Fatigue is a commonly reported post-viral syndrome and has been one of the most commonly reported and significant neurologic manifestations of Long COVID. Fatigue also seems to be more prevalent post-COVID-19 than with most other viral diseases, although this may correlate with the larger number of COVID-19 cases.

The fatigue is usually pervasive and debilitating. It may or may not be associated with significant muscle pain and cognitive symptoms. As with the cognitive symptoms, the patient frequently experiences periodic exacerbations and remissions. The mean duration of post-COVID-19 fatigue seems to be about six months; however, reports suggest that up to 33% of patients express continued symptoms from mild to severe for greater than two years.

A number of potential treatments for Long COVID fatigue have been suggested including antivirals, anti-inflammatories, antihistamines and antidepressants. Such agents are either under or have been suggested for investigation. Although well-designed and populated trials are being initiated, none are complete. As such, no specific recommendations can be made at this time. However, one negative therapeutic point does merit mention: Graded Exercise Therapy (GET) is highly controversial. Several large existing studies indicate that GET is not effective. In fact, GET may be harmful in viral-related fatigue syndromes.

Sensory Dysfunction (Anosmia, Dysgeusia, Paresthesia)

Sensory dysfunctions are one of the more common and annoying neurologic symptoms of Long COVID. In fact, loss of smell (anosmia) is so frequent it has often been used as one of the initial clinical manifestations of COVID-19. Most experts are of the opinion that these sensory dysfunctions are probably due to direct SARS-CoV-2 viral infection. In most cases, both anosmia and taste disorders (dysgeusia) tend to resolve after six months but may persist for years.

Zinc preparations, steroids, mucolytics and decongestants have been touted as a potentially helpful treatments for anosmia and dysgeusia, but this is mostly without supporting clinical trial evidence. Feelings of “pins and needles” (paresthesia) is less common but can be somewhat more debilitating depending on the location and severity.


Around three to ten percent of post-COVID-19 patients report persistent headaches (cephalgia) four to six months after infection. Although it is not well characterized in reports, it seems to range from migraines to muscle tension. The headaches are usually periodic and often associated with fatigue. The results of standard treatment approaches are not sufficiently reported as of yet.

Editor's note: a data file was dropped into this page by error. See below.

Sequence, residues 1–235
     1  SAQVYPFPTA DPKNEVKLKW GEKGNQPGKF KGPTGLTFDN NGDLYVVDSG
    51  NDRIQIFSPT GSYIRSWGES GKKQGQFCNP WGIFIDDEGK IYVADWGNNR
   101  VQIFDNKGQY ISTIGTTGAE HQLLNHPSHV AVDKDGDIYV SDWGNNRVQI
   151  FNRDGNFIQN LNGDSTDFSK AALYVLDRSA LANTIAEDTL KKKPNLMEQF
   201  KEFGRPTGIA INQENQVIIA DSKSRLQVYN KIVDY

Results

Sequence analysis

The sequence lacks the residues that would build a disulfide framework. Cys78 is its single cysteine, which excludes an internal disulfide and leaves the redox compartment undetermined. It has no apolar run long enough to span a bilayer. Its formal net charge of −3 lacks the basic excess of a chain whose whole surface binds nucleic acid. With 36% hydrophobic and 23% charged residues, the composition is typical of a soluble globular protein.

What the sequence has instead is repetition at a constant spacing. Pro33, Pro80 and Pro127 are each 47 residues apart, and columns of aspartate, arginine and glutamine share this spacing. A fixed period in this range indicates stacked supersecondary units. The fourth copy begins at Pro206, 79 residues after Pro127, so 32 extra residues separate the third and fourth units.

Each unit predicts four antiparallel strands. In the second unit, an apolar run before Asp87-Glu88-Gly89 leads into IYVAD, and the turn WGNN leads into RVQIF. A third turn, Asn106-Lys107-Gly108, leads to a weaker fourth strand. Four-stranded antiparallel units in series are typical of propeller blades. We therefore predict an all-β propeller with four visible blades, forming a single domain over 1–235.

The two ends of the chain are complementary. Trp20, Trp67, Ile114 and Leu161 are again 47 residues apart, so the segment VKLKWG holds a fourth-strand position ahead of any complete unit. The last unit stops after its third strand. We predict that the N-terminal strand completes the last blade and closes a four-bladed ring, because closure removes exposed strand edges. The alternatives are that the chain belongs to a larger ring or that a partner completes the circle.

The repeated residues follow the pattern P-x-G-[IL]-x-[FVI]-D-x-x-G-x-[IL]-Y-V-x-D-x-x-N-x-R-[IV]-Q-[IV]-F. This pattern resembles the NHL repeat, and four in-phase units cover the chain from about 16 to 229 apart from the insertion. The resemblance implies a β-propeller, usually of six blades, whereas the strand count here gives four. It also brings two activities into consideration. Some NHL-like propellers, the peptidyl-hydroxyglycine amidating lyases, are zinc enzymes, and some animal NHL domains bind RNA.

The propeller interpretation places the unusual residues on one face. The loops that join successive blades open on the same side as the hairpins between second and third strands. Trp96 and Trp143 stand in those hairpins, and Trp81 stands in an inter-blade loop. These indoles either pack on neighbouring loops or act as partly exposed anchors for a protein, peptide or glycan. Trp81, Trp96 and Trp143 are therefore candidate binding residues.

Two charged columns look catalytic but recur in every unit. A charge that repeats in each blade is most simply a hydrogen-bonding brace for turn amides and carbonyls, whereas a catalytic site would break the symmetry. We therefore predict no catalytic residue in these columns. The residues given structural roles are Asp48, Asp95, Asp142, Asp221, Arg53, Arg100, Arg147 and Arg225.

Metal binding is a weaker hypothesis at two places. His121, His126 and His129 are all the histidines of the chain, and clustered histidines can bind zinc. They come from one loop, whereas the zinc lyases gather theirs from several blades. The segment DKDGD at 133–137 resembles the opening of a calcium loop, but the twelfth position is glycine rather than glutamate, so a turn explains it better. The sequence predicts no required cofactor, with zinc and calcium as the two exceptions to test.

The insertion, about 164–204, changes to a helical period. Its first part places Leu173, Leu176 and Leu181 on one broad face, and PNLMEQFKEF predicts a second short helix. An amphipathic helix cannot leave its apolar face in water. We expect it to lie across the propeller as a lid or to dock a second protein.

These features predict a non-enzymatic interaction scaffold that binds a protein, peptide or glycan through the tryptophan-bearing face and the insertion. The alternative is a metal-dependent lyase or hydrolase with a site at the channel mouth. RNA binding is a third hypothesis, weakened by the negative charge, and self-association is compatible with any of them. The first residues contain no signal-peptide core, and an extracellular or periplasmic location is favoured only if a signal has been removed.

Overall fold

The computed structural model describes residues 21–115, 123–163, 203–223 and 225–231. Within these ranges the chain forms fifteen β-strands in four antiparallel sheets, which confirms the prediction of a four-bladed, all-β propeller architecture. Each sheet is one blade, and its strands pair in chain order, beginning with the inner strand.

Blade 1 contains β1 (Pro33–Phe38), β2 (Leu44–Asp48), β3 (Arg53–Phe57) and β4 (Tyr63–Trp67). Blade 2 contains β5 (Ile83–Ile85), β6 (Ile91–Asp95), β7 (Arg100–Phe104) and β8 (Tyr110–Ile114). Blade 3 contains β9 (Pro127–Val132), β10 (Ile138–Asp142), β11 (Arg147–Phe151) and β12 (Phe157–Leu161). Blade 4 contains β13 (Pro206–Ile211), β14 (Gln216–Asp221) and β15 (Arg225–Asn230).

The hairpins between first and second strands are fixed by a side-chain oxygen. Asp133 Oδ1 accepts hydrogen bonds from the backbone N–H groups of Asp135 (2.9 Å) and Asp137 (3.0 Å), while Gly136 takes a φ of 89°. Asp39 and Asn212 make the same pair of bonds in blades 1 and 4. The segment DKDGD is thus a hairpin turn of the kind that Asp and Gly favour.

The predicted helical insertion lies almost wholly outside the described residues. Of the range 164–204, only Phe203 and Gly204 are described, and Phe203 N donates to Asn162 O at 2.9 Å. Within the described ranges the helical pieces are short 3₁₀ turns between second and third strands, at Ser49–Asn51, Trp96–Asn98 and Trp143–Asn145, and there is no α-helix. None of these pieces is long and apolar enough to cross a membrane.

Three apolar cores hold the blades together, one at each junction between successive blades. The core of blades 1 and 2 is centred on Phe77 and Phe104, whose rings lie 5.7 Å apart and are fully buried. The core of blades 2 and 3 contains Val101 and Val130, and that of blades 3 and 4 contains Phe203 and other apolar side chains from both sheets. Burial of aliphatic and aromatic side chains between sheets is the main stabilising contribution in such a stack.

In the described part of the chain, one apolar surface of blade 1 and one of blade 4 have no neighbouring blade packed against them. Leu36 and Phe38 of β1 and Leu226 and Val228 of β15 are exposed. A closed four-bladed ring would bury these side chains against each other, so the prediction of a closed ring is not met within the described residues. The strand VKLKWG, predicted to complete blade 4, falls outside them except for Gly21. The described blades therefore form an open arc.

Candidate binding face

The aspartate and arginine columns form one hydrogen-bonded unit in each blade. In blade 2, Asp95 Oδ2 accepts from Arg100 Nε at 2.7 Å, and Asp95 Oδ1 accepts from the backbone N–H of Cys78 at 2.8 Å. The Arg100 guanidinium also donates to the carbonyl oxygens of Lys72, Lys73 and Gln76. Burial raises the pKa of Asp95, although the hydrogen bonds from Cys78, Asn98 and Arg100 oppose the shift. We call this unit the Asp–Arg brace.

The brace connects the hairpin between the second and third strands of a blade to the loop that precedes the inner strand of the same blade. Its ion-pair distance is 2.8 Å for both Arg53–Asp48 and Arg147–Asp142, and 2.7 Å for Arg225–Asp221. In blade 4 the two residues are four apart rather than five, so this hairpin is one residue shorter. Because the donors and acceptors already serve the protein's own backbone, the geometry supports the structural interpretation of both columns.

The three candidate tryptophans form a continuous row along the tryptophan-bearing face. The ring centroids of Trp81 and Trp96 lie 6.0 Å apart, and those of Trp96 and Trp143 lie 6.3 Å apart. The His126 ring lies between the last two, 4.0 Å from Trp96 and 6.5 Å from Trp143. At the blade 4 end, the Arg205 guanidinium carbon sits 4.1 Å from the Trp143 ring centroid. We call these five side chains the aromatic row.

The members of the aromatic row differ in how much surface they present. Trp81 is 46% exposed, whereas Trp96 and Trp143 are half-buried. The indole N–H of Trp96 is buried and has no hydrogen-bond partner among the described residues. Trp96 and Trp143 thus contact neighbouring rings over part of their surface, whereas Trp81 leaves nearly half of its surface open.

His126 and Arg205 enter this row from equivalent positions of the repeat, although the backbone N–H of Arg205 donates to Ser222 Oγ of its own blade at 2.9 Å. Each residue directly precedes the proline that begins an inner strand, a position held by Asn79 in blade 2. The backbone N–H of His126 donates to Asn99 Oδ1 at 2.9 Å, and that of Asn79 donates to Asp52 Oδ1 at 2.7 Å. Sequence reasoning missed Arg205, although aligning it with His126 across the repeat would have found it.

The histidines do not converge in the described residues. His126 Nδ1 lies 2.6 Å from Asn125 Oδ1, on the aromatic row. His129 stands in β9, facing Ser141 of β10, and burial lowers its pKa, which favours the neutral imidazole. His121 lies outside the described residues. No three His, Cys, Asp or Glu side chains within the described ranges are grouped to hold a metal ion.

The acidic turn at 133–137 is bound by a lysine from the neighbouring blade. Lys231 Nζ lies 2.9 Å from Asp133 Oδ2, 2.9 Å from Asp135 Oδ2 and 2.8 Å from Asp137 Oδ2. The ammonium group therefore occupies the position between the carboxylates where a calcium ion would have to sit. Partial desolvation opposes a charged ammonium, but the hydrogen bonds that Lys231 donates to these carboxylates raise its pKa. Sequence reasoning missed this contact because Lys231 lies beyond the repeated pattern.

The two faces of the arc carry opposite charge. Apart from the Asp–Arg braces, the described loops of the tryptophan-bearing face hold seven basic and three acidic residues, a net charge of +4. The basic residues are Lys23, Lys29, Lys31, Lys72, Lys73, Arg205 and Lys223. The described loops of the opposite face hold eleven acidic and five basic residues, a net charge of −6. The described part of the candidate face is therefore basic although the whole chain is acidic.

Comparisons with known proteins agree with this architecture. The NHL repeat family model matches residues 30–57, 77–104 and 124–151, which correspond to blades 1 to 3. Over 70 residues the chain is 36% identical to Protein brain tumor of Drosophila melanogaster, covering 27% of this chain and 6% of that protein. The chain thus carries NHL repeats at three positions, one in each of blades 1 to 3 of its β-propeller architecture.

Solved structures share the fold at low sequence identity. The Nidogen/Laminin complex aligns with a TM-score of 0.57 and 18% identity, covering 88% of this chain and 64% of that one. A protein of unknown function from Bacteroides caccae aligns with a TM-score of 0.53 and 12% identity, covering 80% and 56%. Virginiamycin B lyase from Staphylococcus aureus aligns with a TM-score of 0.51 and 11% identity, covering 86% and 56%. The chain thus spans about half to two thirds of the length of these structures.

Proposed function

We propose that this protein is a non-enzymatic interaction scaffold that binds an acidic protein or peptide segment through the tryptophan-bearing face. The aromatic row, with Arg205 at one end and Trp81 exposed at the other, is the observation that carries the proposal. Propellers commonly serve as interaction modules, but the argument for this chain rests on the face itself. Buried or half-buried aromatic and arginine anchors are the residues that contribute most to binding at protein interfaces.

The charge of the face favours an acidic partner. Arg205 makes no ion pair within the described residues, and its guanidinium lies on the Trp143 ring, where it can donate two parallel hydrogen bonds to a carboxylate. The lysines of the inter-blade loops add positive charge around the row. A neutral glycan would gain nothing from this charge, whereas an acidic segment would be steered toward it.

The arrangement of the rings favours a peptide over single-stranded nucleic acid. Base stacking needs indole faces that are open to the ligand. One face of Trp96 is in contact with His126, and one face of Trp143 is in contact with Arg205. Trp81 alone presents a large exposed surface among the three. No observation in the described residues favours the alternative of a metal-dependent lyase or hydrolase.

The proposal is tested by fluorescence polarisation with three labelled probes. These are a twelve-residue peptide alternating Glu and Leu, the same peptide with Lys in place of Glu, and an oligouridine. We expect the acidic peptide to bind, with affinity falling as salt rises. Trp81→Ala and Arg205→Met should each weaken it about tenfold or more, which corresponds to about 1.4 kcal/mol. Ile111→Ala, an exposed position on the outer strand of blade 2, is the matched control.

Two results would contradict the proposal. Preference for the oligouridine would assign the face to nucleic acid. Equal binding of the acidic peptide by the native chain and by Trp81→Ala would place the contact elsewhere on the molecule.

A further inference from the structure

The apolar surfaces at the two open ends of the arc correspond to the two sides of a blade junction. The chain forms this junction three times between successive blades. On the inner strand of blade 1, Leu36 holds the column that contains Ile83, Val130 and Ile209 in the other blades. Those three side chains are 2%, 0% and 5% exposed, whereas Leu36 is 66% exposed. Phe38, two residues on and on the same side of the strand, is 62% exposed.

Peripheral Neuropathy

Up to 56.3% of COVID-19 patients developed acute peripheral neurologic conditions in one prospective study of 400 cases. Although the authors attempted to decrease bias, it is difficult to sort out complications as all the patients in the study were admitted. Other reports that include outpatients have lower case counts for this disorder. The important issue is to differentiate peripheral or radicular pathology due to COVID-19 from other causes, particularly those that respond to surgical interventions.

Summary: Long COVID Neurologic Considerations

Neurologic conditions in Long COVID are likely the most common and impactful symptoms. The potential for disability and quality of life disruption from these symptoms are considerable. Clinicians must differentiate Long COVID-induced neurologic symptoms from other causes. This often leaves Long COVID neurologic manifestations as “diagnoses of exclusion.”

The most likely causes of Long COVID neurologic symptoms will likely be a combination of infectious, inflammatory/immune and thrombotic mechanisms. Therefore, the development of treatments will likely target these mechanisms; however, for now, most management of Long COVID symptoms remains supportive. While the initiation of trials aimed at learning more has been slow, this will likely change as new studies demonstrate more effective approaches.

Access more COVID-19 resources and see a full list of references.